The budget chief said that infrastructure projects are expected to be accelerated with the Department of Public Works and Highways (DPWH) targeting an obligation rate of 50 percent within the first quarter of the year.

“We can expect 50 percent of infrastructure projects under the DPWH to be issued notices of award by the first quarter of 2016. This amounts to almost P187.86 billion, and is higher than their actual obligation rate of 39 percent, or P111.14 billion, within the same period last year,” Abad said.

The government is poised to complete key infrastructure projects this year, including 98 percent of 364,693 lineal meters of bridges and 85 percent of 32,526.50 kilometers of roads.

The government has significantly increased total infrastructure spending in the last five years, from P175.4 billion in 2011 (or 1.8 percent of the GDP) to P766.5 billion this year to achieve the international benchmark of five percent of the GDP.

Abad said this increase in spending is complemented by encouraging public-private partnerships, improving governance to curb corruption, climate-proofing facilities, and improving procurement.

Abad also said he is optimistic that the growth momentum will continue from the fourth quarter of 2015, which he predicts will be a better one than the three previous quarters.

“December 2015 spending will continue the momentum that the previous five months demonstrated. In addition, the spending boost for last-minute Christmas sales will further ramp up growth in the last month of the year,” he said.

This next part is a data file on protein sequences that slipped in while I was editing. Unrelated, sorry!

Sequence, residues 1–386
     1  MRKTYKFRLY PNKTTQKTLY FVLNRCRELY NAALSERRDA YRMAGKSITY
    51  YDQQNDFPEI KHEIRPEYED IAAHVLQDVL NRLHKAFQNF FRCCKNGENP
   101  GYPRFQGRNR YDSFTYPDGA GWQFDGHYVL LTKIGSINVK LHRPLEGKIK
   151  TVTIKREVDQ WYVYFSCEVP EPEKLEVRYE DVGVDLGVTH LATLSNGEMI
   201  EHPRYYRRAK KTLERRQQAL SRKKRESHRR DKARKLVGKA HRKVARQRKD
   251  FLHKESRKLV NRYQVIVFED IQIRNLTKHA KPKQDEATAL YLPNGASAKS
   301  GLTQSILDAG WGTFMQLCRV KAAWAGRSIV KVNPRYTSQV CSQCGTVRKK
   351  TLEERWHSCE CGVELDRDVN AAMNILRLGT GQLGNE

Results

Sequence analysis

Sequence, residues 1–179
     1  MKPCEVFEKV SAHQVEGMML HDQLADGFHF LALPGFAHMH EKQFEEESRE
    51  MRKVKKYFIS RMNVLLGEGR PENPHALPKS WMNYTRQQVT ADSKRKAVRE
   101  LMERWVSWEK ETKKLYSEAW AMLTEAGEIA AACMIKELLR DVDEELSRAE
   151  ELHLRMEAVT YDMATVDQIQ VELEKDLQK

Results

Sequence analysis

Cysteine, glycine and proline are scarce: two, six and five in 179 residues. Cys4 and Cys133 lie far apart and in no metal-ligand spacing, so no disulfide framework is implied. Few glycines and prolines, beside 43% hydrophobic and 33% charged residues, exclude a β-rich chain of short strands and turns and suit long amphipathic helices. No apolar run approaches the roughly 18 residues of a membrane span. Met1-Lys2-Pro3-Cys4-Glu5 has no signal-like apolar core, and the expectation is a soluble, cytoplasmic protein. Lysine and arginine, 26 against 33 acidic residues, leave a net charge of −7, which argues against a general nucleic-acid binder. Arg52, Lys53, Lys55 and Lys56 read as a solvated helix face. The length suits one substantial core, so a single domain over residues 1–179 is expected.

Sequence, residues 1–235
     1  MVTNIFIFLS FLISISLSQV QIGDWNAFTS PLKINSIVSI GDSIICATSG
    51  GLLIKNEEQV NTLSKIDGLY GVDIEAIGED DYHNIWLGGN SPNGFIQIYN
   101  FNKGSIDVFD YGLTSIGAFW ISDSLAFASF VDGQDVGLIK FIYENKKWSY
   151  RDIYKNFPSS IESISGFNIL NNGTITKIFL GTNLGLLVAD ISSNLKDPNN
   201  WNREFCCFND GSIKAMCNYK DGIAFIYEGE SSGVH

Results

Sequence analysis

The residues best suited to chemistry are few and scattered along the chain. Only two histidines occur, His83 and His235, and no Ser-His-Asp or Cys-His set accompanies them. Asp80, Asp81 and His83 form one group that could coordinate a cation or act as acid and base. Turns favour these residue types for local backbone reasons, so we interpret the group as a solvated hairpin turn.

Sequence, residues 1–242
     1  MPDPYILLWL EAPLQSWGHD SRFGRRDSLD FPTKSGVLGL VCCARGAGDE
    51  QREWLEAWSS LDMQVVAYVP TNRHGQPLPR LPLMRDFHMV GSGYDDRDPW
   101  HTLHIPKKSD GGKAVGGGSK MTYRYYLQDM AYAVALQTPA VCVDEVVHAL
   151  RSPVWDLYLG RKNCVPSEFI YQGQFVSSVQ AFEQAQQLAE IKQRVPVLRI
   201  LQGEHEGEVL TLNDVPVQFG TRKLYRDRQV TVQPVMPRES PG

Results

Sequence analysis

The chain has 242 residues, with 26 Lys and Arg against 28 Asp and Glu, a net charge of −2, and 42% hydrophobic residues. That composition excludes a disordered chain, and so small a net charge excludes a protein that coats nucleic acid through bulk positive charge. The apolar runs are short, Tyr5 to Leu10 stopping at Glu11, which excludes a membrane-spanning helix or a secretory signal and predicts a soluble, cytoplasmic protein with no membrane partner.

Abad noted the drivers in the first semester of 2016 will be the following: issuances of notices of award and notices to proceed for projects that benefited from pre-procurement activities in the second semester of 2015; the great sense of urgency to implement projects before the March 25 election ban; additional consumption push due to the Jan. 1 effectivity of the Salary Standardization Law of 2015; spending in the run up to, during, and after the May local and national elections; and further spending boost from the preparation for the opening of classes in June.

The latter will be highlighted by the first-year implementation of the K-to-12 program (with thousands more teachers and non-teaching personnel being hired), and the educational contracting program Government Assistance to Students and Teachers in Private Education (GASTPE) being expanded to more than a million students.


TRIBUNE

PSE named SEA’s Best Stock Exchange for ’15 Written by Tribune Wires Tuesday, 05 January 2016 00:00


Philippine Stock Exchange (PSE)
The new office is more than 500 square meters, a huge upgrade from our previous 198 sqm lot, located at the 32nd floor of PSEC still at the heart of Ortigas Business District.

The Philippine Stock Exchange Inc. (PSE) was named the Best Stock Exchange in Southeast Asia for 2015 in the Marquee Awards of the 9th Alpha Southeast Asia Deal & Solution Awards.

The Marquee Awards cited various accomplishments for conferring the award to the PSE including the Exchange’s corporate governance programs and the shift to the PSEtrade XTS trading engine which was accomplished in 11 months, much shorter than the two years it took during the last adoption of a new trading system.

It also mentioned the stellar climb of the PSE index (PSEi) to the 8,000 level in April 2015 as well as the capital raising activity in the Exchange.

“We are grateful that our efforts to improve our services and corporate governance initiatives were recognized by Alpha Southeast Asia and the third-party participants surveyed for this award,” said PSE president and CEO Hans Sicat.

READ MORE...